Why engage in research?
Science is a process, not a collection of memorized facts. Experimental research gives you an opportunity to apply knowledge learned in lecture courses and gain a deeper understanding of molecular processes. Lab work also helps you develop critical thinking and problem-solving skills, both of which are highly regarded by employers, graduate schools, and professional schools.
When should I get involved in research?
While only four research credits are required for your degree, we encourage you to join a lab as soon as possible. More time in a lab will allow you to develop desirable skills, network, and learn more about your own research interests.
How do I find a research lab to join?
- Read faculty research profiles and select a few laboratories that you are interested in.
- Email the professor to request a meeting to discuss research opportunities.
- Include your major, class year, and the semester you are hoping to join their lab.
- Describe why you are interested in their lab and what you hope to gain from the experience.
- Follow up with a second email if the professor doesn’t respond in about a week.
Contact the professor at least one semester prior to your anticipated start date. Don’t hesitate to contact faculty you have not met – All faculty are eager to work with motivated students!
Your BICH or GENE degree plan requires at least 4 credit hours of independent research (BICH/GENE 491). Your final credit hour will be spent detailing your work in an undergraduate thesis. You may enroll in more than one credit each semester. The research requirement is a unique feature of our department—Research is optional at most universities.
REU Summer Program
The BCBP Research Experience for Undergraduates (REU) Program is funded by the National Science Foundation. Selected students will work full time in a research lab for 10 weeks over the summer. The program has a generous stipend and cost-of-living allowance.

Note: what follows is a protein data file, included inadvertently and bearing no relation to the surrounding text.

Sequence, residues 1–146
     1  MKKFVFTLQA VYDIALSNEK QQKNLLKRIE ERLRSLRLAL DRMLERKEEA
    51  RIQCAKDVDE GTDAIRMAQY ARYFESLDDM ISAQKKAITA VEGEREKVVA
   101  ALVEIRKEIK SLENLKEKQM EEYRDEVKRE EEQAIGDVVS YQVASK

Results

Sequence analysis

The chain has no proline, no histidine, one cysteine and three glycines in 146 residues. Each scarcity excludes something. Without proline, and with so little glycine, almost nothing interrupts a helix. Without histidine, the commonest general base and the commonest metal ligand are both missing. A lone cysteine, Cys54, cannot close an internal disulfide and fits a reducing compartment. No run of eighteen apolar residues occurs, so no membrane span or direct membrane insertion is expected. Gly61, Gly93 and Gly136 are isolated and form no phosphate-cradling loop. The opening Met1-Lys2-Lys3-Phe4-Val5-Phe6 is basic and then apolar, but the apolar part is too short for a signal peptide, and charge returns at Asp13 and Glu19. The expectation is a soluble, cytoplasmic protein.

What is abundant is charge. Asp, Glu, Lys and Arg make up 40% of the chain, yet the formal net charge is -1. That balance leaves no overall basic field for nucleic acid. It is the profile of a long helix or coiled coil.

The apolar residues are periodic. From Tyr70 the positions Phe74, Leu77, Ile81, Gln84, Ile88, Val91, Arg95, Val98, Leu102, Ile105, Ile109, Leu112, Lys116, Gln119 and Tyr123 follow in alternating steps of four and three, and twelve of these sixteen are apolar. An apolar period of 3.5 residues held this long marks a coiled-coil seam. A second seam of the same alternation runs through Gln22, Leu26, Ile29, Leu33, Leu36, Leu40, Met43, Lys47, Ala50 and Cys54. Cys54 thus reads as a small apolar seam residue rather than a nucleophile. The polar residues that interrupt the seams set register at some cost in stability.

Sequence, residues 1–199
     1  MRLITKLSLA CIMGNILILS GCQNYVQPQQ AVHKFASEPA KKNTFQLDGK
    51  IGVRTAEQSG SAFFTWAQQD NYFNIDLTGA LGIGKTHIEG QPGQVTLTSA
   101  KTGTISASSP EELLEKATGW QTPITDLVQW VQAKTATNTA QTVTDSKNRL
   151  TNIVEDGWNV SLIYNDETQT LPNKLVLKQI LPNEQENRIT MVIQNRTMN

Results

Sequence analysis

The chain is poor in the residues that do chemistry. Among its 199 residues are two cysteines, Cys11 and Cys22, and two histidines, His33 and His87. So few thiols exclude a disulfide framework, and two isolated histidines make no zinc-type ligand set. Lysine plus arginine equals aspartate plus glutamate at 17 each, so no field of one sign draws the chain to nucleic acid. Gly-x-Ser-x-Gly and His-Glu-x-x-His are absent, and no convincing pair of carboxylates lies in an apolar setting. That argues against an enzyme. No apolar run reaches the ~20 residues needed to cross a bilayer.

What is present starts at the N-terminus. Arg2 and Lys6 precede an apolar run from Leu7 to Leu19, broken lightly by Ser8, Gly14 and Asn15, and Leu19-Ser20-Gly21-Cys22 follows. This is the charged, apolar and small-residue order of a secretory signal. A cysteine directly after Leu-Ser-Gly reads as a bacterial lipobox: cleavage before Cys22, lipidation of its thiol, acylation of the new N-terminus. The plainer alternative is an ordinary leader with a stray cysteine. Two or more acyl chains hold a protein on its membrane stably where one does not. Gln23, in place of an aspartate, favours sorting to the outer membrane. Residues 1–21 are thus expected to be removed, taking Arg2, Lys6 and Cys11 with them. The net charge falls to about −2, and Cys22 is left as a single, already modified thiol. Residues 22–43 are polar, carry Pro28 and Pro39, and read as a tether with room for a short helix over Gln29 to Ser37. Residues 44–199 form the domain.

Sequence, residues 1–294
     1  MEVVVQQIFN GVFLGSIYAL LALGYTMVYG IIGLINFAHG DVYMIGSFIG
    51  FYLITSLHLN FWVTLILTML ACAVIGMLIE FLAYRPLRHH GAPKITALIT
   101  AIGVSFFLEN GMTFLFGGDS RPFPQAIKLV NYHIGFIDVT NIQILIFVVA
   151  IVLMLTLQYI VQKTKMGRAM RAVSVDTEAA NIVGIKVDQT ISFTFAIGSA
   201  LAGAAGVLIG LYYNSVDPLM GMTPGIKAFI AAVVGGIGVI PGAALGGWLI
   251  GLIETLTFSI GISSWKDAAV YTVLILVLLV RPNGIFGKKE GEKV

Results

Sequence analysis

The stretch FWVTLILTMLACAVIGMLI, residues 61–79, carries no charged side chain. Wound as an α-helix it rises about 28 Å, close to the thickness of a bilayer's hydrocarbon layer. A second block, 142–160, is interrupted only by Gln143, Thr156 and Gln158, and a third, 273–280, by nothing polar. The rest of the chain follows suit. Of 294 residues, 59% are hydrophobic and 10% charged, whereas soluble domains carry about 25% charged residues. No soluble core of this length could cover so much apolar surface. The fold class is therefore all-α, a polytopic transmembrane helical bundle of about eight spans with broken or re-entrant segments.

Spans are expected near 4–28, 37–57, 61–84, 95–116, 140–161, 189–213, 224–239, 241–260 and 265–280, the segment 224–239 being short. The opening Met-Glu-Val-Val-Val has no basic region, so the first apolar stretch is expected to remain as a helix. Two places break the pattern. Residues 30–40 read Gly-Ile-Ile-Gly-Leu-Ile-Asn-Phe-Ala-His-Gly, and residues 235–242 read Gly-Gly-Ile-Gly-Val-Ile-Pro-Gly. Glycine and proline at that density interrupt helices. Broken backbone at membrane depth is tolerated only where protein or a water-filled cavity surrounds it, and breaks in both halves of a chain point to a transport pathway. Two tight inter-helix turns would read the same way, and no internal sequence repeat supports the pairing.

Other Research Opportunities
Research positions aren’t limited to research credits! Many groups have undergraduate research assistant positions open throughout the year. Please contact the individual labs directly for more information.
I chose to major in biochemistry because I saw how it was uniquely positioned within the sciences. There are a lot of different and difficult science majors at A&M, but biochemistry allows an integrated approach that encourages the student to understand the “why” behind the macroscopic while not being too narrow in the microscopic. I wanted to be challenged not to be satisfied with surface level information and push beyond what was currently known. One big lesson I’ve learned is that the more you know, the more you realized how much you do not know. As I took more advanced courses, the more questions I had many of which could not be answered with current knowledge. I plan on attending medical school after I graduate. This program has allowed me to develop the critical thinking and problem solving skills that will allow me to be a better doctor in the future.
Which lab should I join?
Check out the research happening in BCBP!
Learn more about undergraduate research!
Interested in the Research Scholars Program offered by LAUNCH (Honors and Undergraduate Research)? Visit their site to learn more!